Erlanger’s piece today accepts that what differentiates China, with its own mix of both authoritarian capitalism and communism, is that it has no interest in spreading its model across the world.
“China engages with the world in its own interest, divorced from moral aims, with little desire to proselytize.”
The same, I believe, can be said for Russia.
Russia, with features of both authoritarianism and democracy, is interested in its near abroad; places that, for obvious reasons, already share its language and culture. Places where people feel and are Russian.
That doesn’t necessarily mean Putin is on some historic mission to conquer the Baltics and recreate ‘the glories’ of the Soviet Union, as Barack Obama recently claimed. It simply means that there are certain places Moscow regard as within its sphere of influence and thus will react more strongly to events in those places. The problem is that Washington is utterly convinced that only it is entitled to a sphere of influence — and that sphere can extend to any place, at any time. Moscow, on the other hand, is simply not allowed the same luxury, even in its own back yard.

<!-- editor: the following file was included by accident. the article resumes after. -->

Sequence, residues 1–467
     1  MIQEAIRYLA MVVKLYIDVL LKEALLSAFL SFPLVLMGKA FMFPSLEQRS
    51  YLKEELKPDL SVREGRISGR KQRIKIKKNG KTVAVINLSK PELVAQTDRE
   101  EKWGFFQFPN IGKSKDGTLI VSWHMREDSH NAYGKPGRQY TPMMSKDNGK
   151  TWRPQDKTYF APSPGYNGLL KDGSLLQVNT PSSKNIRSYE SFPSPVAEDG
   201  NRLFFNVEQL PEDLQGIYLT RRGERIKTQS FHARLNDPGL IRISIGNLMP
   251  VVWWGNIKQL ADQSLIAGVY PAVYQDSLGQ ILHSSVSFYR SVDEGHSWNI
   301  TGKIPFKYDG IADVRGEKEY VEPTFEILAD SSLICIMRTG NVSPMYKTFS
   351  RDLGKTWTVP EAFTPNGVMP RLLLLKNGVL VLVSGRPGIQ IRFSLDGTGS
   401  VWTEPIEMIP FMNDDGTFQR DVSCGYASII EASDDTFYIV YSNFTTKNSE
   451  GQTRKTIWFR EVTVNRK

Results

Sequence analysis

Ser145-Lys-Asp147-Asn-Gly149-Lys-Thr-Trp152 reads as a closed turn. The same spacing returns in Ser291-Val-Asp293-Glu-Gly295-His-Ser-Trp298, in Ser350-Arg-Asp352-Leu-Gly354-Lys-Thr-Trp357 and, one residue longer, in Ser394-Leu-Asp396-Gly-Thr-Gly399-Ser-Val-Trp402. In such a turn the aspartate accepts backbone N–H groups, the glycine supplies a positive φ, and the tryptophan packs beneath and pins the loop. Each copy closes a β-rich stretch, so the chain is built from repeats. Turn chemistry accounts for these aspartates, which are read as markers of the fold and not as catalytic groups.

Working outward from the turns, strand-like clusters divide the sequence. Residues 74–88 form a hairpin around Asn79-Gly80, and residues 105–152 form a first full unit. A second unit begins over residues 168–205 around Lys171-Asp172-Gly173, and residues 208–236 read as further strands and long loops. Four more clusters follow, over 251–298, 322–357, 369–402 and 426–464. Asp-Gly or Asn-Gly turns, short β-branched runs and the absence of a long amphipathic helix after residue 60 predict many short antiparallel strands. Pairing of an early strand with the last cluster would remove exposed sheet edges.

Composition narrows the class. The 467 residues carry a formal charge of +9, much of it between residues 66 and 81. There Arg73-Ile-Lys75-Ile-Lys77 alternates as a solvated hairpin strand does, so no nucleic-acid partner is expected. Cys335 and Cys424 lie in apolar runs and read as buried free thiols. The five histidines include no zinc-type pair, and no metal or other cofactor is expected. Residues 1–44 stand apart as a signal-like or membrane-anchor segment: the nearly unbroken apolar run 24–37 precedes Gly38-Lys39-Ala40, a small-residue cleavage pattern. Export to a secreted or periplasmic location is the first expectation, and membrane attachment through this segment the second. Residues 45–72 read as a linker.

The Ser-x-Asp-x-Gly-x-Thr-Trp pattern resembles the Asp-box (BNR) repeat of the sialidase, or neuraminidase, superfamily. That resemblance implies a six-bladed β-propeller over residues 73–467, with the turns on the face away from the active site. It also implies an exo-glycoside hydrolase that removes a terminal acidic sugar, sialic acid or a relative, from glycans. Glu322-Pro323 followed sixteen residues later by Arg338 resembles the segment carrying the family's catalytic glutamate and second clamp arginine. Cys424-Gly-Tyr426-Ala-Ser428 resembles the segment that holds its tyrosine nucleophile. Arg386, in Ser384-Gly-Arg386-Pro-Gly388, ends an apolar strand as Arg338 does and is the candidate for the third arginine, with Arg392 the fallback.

On a wider scale, Russia, like China, has no interest in imposing its model of governance or cultural values on the rest of the world. Russia’s own very recent history affords it the knowledge that this kind of imperialism simply does not work, which is why we hear so much from the Kremlin about the importance of multi-polarity and international systems based on mutual respect, not diktats and the relinquishment of sovereignty to a self-appointed world leader.